Home Office put refugees in barracks after fears better housing would ‘undermine confidence’ in system – The Independent

‘The Home Office placed hundreds of asylum seekers in controversial military barracks following fears that better accommodation would “undermine confidence” in the system, internal documents reveal.’

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The Independent, 31st January 2021

Source: www.independent.co.uk

Slavery survivors moved ‘without notice, without reason’ in London lockdown – The Guardian

‘Modern slavery survivors with young children were among refugees allegedly forced to move accommodation in London with as little as one day’s notice during coronavirus lockdowns this winter.’

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The Guardian, 29th January 2021

Source: www.theguardian.com

Shukri Yahye-Abdi: Family sue police over girl’s river death – BBC News

‘The family of a 12-year-old girl who drowned in a river has launched legal action against the police force which investigated her death.’

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BBC News, 6th January 2021

Source: www.bbc.co.uk

Home Office leaving stateless people facing detention and destitution, warns UN – The Independent

‘The Home Office is leaving stateless people in the UK at risk of homelessness, destitution and prolonged detention, the UN’s refugee agency has warned. A procedure designed to help regularise the status of stateless individuals in Britain is not functioning as well as it should due to procedural weaknesses and the approach to decision-making, the UNHCR said.’

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The Independent, 16th December 2020

Source: www.independent.co.uk

UK ‘reneges on vow to reunite child refugees with families’ – The Guardian

Posted December 14th, 2020 in asylum, charities, children, families, government departments, immigration, news, refugees by tracey

‘Unaccompanied children in France are being told by the French authorities that they should give up hope of being reunited with family in the UK after the Home Office failed to offer the help it had promised. With the deadline to enter the UK legally and safely under the EU’s family reunification rules due to expire at the end of the year, the Home Office is accused of reneging on its vow to help unaccompanied children reunite with family in the UK.’

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The Guardian, 13th December 2020

Source: www.theguardian.com

UK to deny asylum to refugees passing through ‘safe’ third country – The Guardian

Posted December 11th, 2020 in asylum, brexit, government departments, immigration, international law, news, refugees by tracey

‘Ministers have quietly changed immigration rules to prevent people fleeing war or persecution from claiming asylum in the UK if they have passed through a “safe” third country, prompting accusations of a breach of international law. From 1 January, claims of asylum from a person who has travelled through or has a connection to a safe third country, including people coming from EU member states, will be treated as inadmissible.’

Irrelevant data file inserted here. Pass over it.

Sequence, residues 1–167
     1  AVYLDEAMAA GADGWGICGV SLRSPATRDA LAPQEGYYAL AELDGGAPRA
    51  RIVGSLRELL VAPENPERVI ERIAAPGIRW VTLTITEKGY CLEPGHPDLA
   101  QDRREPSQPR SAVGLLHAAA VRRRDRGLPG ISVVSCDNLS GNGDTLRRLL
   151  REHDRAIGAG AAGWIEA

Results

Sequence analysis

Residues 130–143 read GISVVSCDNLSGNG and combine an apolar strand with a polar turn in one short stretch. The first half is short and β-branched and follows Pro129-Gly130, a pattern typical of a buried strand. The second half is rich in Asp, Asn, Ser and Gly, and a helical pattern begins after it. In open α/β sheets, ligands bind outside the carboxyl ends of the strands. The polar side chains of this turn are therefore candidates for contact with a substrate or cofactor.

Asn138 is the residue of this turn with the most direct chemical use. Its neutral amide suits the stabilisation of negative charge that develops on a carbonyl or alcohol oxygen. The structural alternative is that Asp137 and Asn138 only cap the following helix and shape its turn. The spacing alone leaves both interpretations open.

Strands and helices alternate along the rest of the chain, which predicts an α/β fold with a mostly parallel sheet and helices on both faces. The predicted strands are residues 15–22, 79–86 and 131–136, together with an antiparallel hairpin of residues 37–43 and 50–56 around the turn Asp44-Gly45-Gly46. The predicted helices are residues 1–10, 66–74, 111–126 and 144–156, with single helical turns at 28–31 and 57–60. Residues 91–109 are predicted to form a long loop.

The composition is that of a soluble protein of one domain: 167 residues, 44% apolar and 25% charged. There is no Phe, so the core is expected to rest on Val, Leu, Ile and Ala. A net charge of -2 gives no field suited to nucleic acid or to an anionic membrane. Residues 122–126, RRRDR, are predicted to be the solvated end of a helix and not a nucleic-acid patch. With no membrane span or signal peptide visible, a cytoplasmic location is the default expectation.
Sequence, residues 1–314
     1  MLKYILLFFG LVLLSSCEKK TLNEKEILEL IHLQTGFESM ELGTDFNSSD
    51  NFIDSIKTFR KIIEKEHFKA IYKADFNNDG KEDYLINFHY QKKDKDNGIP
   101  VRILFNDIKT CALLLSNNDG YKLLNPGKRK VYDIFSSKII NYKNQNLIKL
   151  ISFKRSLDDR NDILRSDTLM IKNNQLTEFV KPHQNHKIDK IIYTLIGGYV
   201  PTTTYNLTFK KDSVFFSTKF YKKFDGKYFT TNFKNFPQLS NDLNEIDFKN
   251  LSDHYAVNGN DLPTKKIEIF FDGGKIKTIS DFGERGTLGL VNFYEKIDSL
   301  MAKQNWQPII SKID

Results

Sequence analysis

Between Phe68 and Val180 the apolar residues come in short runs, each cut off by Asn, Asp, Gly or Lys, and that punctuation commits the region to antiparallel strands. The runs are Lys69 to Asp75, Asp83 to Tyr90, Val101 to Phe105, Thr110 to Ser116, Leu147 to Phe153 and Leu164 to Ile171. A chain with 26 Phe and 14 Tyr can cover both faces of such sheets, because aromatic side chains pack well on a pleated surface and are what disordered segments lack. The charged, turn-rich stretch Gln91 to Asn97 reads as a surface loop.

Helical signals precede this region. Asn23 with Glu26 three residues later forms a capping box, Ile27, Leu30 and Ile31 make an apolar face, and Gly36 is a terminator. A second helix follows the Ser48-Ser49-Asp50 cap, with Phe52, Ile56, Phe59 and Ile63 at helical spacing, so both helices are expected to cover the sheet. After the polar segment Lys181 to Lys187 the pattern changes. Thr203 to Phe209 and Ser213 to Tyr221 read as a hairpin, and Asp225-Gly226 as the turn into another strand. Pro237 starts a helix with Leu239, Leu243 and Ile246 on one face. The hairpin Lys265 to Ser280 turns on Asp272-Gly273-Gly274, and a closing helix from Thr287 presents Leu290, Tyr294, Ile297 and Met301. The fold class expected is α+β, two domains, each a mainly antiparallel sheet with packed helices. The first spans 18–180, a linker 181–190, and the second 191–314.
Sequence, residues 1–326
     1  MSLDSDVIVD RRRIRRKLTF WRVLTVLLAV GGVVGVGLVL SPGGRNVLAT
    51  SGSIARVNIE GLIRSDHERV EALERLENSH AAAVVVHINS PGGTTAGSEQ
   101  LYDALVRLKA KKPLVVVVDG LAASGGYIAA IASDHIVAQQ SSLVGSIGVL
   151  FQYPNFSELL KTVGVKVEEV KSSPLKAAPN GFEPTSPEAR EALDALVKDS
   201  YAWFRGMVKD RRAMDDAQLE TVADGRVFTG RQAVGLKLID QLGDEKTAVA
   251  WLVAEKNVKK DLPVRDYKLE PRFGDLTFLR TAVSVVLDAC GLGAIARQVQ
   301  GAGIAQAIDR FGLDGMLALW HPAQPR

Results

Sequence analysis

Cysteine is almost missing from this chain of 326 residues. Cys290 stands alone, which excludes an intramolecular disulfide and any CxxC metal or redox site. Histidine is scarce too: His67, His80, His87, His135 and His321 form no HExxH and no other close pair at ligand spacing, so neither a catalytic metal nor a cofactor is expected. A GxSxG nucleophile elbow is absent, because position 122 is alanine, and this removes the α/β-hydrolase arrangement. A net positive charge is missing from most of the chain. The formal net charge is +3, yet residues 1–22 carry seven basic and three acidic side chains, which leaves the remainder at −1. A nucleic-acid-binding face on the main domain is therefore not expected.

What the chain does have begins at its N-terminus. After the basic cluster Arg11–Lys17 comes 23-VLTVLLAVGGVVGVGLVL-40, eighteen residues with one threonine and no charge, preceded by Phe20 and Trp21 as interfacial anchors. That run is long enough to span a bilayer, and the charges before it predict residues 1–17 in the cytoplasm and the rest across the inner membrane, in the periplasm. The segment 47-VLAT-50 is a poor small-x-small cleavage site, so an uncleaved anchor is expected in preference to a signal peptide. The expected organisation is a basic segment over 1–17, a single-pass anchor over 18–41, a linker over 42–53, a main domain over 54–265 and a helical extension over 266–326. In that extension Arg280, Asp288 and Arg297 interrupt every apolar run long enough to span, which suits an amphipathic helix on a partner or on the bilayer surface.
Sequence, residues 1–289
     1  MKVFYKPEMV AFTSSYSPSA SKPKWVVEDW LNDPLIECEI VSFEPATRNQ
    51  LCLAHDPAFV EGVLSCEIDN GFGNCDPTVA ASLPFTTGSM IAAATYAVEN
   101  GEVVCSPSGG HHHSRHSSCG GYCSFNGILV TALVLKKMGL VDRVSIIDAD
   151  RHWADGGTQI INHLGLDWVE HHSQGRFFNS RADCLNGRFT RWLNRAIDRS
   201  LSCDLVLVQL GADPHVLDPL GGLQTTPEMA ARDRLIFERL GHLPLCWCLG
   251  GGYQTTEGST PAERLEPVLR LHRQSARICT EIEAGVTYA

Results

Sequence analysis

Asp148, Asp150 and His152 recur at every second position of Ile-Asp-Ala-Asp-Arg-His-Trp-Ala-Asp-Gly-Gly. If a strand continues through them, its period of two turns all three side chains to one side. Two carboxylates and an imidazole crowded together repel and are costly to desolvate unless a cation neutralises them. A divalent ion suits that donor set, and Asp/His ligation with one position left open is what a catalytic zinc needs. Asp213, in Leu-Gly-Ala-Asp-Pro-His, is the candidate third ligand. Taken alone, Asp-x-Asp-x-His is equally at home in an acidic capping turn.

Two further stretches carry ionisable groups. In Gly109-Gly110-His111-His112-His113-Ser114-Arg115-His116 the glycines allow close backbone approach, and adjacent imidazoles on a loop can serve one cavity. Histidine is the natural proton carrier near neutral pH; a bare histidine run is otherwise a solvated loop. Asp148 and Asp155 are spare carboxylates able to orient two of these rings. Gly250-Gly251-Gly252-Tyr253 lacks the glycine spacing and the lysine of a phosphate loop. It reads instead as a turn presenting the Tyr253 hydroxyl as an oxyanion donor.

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The Guardian, 10th December 2020

Source: www.theguardian.com

UK family reunion visa system puts lives at risk, says Red Cross – The Guardian

Posted November 12th, 2020 in families, news, refugees, reports, visas by tracey

‘A report from the British Red Cross finds the system that gives refugees in the UK the right to bring their family to join them – one of the few existing “safe” and legal routes to Britain – is putting people in danger because of the journeys they have to take to submit their applications.’

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The Guardian, 12th November 2020

Source: www.independent.co.uk

Immigration Law Update May 2020 – 4 King’s Bench Walk

‘Immigration Law Update with articles from Kate Jones, Tori Adams, Daniel Wand, Ben Haseldine and Jyoti Wood.’

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4 King's Bench Walk, 5th May 2020

Source: www.4kbw.co.uk

Home Secretary may not detain on basis of invalid deportation decision – UK Human Rights Blog

‘In R (DN – Rwanda) v Secretary of State for the Home Department [2020] UKSC 7, the Supreme Court held that the Claimant was entitled to purse a claim for unlawful detention on the basis that the decision to detain for the purposes of deportation could not be separated from the decision to deport. Accordingly, if the decision to deport was unlawful, then so inevitably was the decision to detain.

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UK Human Rights Blog, 3rd April 2020

Source: ukhumanrightsblog.com

New Judgment: R (DN (Rwanda)) (AP) v Secretary of State for the Home Department – UKSC Blog

‘The appellant, DN, is a Rwandan national who was granted refugee status in the UK pursuant to the 1951 Refugee Convention. DN was subsequently convicted of a number of offences, the most serious of which occurred when he pleaded guilty to assisting unlawful entry of a non-EEA national in the UK. The Secretary of State for the Home Department used the powers under the Nationality, Immigration and Asylum Act 2002 to order the deportation of DN. DN’s attempt to assist unlawful immigration to a member state country was a serious offence by way of the Nationality, Immigration and Asylum Act 2002 (Specification of Particularly Serious Crimes) Order 2004. The Secretary of State ordered DN’s deportation and detention pending deportation.’